IS YOUR LIFE STORY?
Regarding Autobiographical Fiction
I have a friend who writes memoir and does it very well. He tried his hand at writing fiction, he told me, but found that his stories were “too close to home.” So he sticks with memoir.
I get it. My first novel, written in my late 20’s, was highly autobiographical. It was to be my “A Portrait of the Artist as a Young Man”—or, in my case, a portrait of the theology school dropout, which was my ignominious fate. But, as with my friend’s efforts at writing autobiographical fiction, the story was “too close to home”—that is, it closely aligned in plot and setting with the actual details of my life. As a result, it lacked imagination—i.e., it was dull. So dull that I eventually got bored with it myself and sent it to never-to-be-published-land.
But that failed effort showed me that if I was going to write compelling fiction I had to look beyond my own personal experience for storylines. So for my second attempt at novel writing, I tried something far removed from autobiography: a farce called “The Day the Marines Invaded Disneyland.” It was about a military exercise gone awry when, after a mix-up in target coordinates, a contingent of US Marines on a mock mission to take and hold a strategic location accidentally lands via helicopter in the parking lot of Disneyland. The plot was indeed imaginative and fun, but the setting—Disneyland—was problematic in terms of branding infringement. I changed the setting to a generic theme park named WonderWorld, but the story didn’t hold together as well after that and I finally gave up on it.
Years and many fits and starts later, I celebrated my first published novel, “Tamara’s Child.” It narrates the misadventures of a homeless pregnant teenager determined to make a new and better life for herself and her child, only to fall victim to some loathsome characters intent on stealing her baby from her. The idea for the novel came from my work at our local high school with at-risk youth. The storyline, however, was anything but autobiographical—or so I thought. Not long after the novel was published, I received a note from a reader—someone who had known me for many years, stretching from my youth into adulthood. “It struck me,” she said, “how much of this novel comes from your own personal experience.”
I was taken aback by this comment. But the more I thought about it, the more I realized she was right. As a mature male, it was impossible for me to have experienced what 16-year-old Tamara Ames went through in this novel. But there were indeed things in my and my family’s personal history that paralleled Tamara’s experiences. Consciously or subconsciously, I had drawn from these things as I imagined the story. The novel was autobiographical, after all.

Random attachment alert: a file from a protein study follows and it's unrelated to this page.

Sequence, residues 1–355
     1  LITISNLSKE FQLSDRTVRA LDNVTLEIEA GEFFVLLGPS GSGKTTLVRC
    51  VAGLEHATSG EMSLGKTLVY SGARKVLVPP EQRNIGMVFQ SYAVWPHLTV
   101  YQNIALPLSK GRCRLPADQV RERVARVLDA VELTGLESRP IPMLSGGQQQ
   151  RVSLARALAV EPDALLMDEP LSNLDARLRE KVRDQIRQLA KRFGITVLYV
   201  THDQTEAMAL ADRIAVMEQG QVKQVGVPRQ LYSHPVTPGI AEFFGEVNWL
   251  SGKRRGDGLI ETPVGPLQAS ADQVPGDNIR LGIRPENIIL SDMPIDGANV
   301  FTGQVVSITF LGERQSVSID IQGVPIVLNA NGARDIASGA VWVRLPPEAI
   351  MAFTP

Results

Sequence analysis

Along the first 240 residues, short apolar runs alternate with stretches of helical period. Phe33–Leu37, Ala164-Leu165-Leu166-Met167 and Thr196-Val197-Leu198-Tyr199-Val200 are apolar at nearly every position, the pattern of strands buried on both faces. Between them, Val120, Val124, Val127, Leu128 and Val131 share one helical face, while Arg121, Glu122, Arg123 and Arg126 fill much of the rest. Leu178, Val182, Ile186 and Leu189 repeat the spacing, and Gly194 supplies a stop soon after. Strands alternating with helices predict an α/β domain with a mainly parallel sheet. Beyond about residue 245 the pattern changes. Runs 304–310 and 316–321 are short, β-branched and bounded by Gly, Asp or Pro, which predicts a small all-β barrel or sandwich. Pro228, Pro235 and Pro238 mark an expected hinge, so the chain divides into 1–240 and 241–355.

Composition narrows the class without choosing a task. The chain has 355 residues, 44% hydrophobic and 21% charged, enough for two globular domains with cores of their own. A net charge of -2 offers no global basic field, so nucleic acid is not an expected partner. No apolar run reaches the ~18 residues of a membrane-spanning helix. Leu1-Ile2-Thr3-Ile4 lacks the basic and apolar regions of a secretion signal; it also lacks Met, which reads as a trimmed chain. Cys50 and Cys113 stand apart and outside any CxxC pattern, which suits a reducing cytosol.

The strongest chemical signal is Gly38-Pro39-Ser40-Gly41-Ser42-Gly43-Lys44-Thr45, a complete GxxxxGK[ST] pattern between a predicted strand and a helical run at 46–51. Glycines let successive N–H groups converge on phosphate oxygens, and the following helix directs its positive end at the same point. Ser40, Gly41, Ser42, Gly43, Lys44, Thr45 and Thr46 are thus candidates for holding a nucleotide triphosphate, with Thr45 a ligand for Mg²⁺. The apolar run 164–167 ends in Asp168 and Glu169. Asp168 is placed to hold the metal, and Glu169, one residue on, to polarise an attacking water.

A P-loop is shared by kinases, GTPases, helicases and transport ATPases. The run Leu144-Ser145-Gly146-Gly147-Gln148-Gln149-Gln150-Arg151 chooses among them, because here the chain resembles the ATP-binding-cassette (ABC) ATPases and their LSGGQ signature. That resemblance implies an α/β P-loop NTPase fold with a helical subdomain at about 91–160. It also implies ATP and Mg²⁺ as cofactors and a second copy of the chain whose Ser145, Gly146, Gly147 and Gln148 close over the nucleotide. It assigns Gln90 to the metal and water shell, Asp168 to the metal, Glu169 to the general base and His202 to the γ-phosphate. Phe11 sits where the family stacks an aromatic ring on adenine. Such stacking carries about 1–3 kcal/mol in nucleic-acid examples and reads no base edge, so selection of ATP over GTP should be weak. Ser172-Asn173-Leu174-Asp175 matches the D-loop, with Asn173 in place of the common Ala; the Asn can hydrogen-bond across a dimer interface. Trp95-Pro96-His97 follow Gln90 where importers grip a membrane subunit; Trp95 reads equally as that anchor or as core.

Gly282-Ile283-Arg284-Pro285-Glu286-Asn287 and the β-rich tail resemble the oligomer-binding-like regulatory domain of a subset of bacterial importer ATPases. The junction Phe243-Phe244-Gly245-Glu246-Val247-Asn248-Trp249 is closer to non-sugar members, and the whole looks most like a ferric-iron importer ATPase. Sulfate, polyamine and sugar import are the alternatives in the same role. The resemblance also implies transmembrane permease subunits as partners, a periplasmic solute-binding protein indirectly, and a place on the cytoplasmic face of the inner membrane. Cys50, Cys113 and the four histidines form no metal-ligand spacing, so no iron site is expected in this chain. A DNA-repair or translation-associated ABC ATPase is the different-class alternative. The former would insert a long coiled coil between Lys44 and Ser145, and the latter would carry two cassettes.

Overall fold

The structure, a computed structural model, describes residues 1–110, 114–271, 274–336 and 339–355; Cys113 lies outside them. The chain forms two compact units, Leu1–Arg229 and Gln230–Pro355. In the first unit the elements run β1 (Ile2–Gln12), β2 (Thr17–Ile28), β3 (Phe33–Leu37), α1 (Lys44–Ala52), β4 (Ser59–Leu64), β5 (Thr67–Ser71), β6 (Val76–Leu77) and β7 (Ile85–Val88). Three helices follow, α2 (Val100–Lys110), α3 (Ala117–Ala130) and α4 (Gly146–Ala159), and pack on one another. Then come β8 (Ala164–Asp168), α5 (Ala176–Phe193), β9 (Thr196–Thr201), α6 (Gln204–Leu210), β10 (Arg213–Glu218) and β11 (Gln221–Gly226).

I have since come to the not-so-brilliant conclusion that all fiction has some basis in autobiography. Although one’s own personal experiences may not contain enough essence to make for a compelling narrative, they can be a launching pad for imaginative stories that are captivating while also being true to life.
So how should one view autobiography when it comes to writing fiction? I believe John Irving said it best in his novel “The World According to Garp,” when he relates his novelist-protagonist T.S. Garp’s response to the dreaded question of how much of his writing is true—that is, based on personal experience:
Garp would say that the autobiographical basis—if there was one—was the least
interesting level on which to read a novel… (The) art of fiction was the act of
imagining truly… Memories and personal histories—“all the recollected traumas
of our unmemorable lives”—were suspicious models for fiction… Fiction has to be
better made than life...
“Tell me anything that’s ever happened to you,” Garp told an interviewer once, “and I can improve upon the story; I can make the details better than they were.”
what I try to do in my fiction—make the details of real life better than they
were, whether it’s the details of my life or someone else’s life I am drawing
from when telling my story.